Unfortunately, titles in the financial
services industry are somewhat of a free-for-all. Anybody can call themselves a
Financial Planner, Wealth Manager, Financial Advisor, Financial Consultant, and
so on—even if they don’t really provide the advice (in your best interest) that
those titles imply. This is a regulatory problem…the legislation is in place,
we just need regulators with spine to get really clear on the appropriate use
of titles and then to enforce it.
This will step on a few toes, but here
An Insurance Broker sells the insurance policies of many different
insurers. Sometimes “broker” and “agent” are used interchangeably in the
insurance world, but “agent” often refers to a person who sells the insurance
products of one company. Technically,
an insurance agent owes a duty of loyalty to their employer that trumps any
duty of loyalty to you as customer.
An Investment Broker (called “Registered Representative”) typically
sells many different types of investment products, but can only sell those that
have been approved by his or her broker-dealer. Technically, an investment
broker owes a duty of loyalty to their employer (the broker-dealer) that trumps
any duty of loyalty to you as customer.
Advisor is a title that’s used generically
by many different types of financial professionals. Investment brokers commonly
use the title “Financial Advisor” because it sounds better, more trustworthy.
It implies advice like that you’d receive from a fiduciary, but investment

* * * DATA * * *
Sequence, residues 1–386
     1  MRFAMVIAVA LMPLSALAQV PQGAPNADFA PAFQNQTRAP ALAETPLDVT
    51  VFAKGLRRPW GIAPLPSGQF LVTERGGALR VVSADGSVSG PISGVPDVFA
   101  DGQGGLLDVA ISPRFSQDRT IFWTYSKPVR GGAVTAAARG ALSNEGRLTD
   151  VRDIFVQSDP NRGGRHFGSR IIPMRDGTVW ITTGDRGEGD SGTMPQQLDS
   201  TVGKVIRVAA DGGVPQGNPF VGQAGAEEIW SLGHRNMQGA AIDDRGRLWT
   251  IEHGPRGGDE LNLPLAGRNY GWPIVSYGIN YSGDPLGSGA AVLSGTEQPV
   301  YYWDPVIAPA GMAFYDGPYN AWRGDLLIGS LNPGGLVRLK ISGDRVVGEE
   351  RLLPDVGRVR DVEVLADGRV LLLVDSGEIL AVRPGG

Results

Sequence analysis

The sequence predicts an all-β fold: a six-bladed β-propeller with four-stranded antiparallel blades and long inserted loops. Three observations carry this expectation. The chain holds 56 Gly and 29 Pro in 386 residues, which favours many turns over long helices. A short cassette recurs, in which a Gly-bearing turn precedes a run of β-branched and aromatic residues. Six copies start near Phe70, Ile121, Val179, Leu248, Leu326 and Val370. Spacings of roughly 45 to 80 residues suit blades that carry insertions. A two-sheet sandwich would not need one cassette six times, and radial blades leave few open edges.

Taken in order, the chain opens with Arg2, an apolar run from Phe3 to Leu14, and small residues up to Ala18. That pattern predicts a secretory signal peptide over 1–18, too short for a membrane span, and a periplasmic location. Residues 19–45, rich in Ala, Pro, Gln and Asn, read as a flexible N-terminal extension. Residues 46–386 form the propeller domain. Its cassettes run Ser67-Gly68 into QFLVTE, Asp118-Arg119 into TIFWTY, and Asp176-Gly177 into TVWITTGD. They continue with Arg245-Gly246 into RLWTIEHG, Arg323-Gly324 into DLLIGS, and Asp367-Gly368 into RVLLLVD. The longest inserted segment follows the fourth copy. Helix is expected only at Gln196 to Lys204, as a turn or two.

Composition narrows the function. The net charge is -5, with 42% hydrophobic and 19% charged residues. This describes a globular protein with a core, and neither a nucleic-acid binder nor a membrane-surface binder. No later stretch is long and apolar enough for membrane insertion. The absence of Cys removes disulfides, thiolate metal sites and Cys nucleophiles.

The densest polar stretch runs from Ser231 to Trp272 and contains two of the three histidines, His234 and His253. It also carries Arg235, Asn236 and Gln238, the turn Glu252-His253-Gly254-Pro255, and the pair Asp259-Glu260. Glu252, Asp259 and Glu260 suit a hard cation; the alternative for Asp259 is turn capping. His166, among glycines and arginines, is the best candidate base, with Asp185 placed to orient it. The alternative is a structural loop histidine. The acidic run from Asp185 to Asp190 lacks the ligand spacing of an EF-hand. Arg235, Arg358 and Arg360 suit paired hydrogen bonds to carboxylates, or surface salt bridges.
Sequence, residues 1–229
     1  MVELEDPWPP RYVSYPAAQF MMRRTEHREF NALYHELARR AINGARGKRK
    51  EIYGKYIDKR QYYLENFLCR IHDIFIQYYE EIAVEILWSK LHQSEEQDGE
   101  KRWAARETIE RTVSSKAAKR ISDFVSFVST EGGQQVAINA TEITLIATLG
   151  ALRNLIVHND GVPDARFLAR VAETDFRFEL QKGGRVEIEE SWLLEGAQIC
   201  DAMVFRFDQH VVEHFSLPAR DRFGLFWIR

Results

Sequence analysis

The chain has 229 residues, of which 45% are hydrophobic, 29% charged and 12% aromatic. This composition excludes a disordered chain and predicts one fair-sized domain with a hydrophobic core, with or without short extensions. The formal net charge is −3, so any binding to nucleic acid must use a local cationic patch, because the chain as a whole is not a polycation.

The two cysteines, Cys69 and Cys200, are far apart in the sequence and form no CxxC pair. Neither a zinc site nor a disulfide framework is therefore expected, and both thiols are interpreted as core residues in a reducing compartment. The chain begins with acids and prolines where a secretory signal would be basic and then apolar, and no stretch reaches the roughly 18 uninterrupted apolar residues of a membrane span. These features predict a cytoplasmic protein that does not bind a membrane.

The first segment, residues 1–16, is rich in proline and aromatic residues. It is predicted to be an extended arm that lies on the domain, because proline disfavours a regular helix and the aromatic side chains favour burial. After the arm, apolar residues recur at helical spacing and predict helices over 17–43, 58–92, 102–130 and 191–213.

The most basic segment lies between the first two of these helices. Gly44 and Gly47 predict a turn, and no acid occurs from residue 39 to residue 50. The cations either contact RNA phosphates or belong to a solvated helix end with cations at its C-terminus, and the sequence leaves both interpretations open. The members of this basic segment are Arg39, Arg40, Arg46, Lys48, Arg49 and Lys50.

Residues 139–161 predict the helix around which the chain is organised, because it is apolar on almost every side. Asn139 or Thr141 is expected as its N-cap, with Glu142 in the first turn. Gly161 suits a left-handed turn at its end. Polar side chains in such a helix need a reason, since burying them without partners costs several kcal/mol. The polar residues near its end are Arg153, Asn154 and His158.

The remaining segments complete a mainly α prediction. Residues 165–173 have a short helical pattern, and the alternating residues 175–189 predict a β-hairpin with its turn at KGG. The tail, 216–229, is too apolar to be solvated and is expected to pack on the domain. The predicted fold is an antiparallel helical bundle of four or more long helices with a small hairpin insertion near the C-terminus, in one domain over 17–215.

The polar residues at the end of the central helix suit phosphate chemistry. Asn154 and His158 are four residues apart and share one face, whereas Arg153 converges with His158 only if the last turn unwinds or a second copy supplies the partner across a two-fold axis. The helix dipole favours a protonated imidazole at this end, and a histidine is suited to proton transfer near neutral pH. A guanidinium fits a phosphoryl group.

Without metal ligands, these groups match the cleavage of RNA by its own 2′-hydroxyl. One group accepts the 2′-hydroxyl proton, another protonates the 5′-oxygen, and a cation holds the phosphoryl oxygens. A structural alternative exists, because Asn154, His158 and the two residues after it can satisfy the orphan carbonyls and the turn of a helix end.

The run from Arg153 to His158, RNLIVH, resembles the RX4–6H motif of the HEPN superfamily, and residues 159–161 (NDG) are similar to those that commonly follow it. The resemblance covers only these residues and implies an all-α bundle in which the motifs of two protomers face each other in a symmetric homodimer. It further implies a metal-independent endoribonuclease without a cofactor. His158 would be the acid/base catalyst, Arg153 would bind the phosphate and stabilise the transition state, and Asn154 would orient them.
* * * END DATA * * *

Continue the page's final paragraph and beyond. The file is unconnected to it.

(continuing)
brokers are not fiduciaries (at least not in their broker capacity). It’s
perfectly understandable that the general public would think they’re getting “advice”
from an “advisor.”
An Adviser (sometimes spelled
Advisor) who provides investment and/or financial planning advice for a fee usually owns their own Registered Investment
Adviser (RIA) firm or is an Investment Advisor Representative (IAR) of such a
firm. These are the folks who, by law, are subject to a fiduciary standard
where they must place your interest (as client) above their own and fairly
manage any conflicts of interest in your favor.
Please understand…if an “advisor”
is not a fiduciary, that doesn’t make them a bad person or automatically mean
that they’ll bilk you out of your hard-earned money. The key issue is to make
sure you know what kind of financial professional you need, who you’re dealing
with, how they’re regulated and compensated, and then look beyond the titles
Hope that helps.
WalletHub Answers is a free service that helps consumers access financial information. Information on WalletHub Answers is provided “as is” and should not be considered financial, legal or investment advice. WalletHub is not a financial advisor, law firm, “lawyer referral service,” or a substitute for a financial advisor, attorney, or law firm. You may want to hire a professional before making any decision. WalletHub does not endorse any particular contributors and cannot guarantee the quality or reliability of any information posted. The helpfulness of a financial advisor's answer is not indicative of future advisor performance.